The lawsuit was filed by Johnny L. Bruins, a man from Georgia who was injured last year while celebrating Independence Day with friends and family.
At approximately 9:30 p.m., he lit a YoYo Sparkler intending to give it to a child. According to the lawsuit:
“As soon as he lit the sparkler, rather than it merely emitting sparks, it exploded in his hand, catching fire and engulfing Mr. Bruins’ left hand in fire, causing severe and painful burns.”
He was taken to the emergency room at Washington County Regional Medical Center, where he was diagnosed with 2nd- and 3rd-degree burns to his left hand. He underwent painful wound debridement and skin grafting procedures, and now has permanent scarring.
Just five days after the incident, Jake’s Fireworks recalled approximately 651,000 YoYo Sparklers because they burn too fast and with a larger flame than normal.
Jake’s Fireworks received 12 reports of the sparklers burning down the stick and causing severe burns to victims’ hands.
One victim in Idaho received 2nd-degree burns when the sparkler exploded. He shared a picture of his injury and told Local News 8:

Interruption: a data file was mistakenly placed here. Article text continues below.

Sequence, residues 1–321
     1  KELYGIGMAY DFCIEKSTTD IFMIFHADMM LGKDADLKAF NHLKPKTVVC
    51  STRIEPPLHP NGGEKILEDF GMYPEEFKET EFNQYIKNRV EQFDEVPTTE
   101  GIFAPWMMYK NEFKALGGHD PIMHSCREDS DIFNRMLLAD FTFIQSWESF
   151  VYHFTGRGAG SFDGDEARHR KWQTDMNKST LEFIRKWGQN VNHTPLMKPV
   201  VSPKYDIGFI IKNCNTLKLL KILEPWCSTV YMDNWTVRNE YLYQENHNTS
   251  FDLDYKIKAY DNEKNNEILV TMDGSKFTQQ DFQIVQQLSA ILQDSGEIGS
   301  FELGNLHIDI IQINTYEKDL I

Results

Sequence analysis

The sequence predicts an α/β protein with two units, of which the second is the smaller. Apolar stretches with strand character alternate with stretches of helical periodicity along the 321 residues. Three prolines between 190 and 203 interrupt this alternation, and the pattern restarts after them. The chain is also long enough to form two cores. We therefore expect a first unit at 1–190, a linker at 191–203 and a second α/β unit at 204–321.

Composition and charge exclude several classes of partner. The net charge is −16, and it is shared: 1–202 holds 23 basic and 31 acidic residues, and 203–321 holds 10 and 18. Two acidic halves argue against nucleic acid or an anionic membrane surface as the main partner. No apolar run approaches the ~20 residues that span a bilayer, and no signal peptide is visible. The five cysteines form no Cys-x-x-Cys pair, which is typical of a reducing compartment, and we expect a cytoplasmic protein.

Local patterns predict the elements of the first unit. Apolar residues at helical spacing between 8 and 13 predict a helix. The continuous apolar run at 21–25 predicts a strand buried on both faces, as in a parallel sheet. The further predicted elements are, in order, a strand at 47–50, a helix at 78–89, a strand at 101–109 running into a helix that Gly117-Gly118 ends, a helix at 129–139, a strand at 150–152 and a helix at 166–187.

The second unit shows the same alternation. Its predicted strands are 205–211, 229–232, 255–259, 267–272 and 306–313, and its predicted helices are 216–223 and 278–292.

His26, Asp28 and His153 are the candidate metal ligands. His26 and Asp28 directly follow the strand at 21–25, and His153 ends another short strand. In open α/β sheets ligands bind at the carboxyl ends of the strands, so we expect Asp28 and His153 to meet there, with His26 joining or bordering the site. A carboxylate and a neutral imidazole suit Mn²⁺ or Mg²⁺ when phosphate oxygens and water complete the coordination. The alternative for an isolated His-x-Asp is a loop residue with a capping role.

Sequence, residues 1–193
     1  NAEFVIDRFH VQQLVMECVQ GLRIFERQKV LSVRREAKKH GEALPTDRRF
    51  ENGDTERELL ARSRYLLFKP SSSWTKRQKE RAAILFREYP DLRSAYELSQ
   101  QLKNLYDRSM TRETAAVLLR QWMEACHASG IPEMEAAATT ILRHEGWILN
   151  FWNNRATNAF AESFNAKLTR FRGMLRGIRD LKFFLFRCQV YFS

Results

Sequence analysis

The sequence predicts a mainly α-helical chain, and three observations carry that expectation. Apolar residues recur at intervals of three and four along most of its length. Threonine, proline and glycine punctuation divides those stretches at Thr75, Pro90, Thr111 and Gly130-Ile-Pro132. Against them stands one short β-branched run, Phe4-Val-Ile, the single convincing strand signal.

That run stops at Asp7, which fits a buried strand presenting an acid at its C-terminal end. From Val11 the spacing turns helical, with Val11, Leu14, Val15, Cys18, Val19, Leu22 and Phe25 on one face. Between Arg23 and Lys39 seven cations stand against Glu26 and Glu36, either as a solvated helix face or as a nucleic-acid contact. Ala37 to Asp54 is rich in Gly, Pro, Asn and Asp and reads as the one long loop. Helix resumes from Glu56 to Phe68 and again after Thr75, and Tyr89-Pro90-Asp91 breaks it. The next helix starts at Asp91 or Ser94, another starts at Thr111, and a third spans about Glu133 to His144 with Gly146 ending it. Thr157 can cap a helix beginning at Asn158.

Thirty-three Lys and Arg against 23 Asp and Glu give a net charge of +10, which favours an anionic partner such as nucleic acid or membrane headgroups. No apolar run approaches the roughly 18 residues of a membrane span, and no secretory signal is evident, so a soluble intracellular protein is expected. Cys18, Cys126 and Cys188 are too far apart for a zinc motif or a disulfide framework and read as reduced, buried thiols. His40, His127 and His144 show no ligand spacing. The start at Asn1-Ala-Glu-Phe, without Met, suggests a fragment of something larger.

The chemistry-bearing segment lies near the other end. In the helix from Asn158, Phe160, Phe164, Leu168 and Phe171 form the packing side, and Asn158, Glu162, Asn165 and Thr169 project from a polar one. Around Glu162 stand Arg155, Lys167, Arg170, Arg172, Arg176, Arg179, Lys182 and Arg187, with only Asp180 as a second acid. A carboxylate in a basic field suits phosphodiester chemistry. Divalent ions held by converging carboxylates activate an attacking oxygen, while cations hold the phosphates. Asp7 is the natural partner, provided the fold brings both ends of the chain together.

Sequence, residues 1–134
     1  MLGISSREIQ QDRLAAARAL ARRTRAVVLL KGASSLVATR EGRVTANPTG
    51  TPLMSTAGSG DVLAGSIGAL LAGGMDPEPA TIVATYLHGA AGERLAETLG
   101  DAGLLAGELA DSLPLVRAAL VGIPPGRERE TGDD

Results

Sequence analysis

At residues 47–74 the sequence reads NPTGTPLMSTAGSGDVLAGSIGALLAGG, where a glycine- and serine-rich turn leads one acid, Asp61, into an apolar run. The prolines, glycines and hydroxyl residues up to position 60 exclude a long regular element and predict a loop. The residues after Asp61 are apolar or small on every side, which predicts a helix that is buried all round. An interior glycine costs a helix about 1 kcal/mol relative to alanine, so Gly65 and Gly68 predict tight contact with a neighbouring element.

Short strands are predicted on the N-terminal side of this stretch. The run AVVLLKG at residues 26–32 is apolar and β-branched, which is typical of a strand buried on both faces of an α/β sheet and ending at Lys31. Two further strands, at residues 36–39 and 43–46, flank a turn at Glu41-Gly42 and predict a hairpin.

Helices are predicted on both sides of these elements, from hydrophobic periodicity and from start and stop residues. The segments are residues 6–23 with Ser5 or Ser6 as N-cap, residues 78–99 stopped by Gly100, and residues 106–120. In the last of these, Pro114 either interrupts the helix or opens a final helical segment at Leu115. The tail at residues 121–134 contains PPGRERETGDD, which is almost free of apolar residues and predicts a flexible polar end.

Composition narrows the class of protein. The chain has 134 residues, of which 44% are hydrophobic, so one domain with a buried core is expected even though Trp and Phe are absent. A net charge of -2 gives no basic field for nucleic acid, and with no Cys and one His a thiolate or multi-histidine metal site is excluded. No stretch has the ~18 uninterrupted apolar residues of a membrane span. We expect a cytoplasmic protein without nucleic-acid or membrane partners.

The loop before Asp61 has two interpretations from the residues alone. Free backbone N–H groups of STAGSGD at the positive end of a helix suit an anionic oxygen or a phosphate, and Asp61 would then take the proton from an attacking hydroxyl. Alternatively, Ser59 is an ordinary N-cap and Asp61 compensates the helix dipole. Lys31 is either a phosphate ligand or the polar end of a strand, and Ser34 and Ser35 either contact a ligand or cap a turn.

“When you light them, the stem is supposed to burn from the top to the bottom and back up like a yo-yo. Well, when I lit them, I think all three layers burned all at once and actually it shot out of my hand like a bottle rocket.”
The government estimates that sparklers cause about 19% of all fireworks injuries. They can reach temperatures up to 3000°F and are extremely dangerous when they explode.
The lawsuit was filed on September 20, 2016 in the District of Georgia (Atlanta Division) — In Re: Johnny Bruins v. Jake’s Fireworks, Inc — Case No. 1:2016-cv-03519.
The plaintiff is represented by Cale Conley and William K. Owens, Jr., of Conley Griggs Partin LLP; and Bruce R. Millar, Esq. of Millar & Mixon, LLC.